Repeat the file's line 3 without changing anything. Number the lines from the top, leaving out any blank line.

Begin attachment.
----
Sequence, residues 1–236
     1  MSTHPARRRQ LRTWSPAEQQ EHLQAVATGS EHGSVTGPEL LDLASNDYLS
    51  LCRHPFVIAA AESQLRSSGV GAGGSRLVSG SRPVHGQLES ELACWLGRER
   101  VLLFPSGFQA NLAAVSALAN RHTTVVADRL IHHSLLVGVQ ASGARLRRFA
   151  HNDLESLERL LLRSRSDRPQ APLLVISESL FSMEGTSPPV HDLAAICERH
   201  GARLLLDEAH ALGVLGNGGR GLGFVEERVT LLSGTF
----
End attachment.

    51  LCRHPFVIAA AESQLRSSGV GAGGSRLVSG SRPVHGQLES ELACWLGRER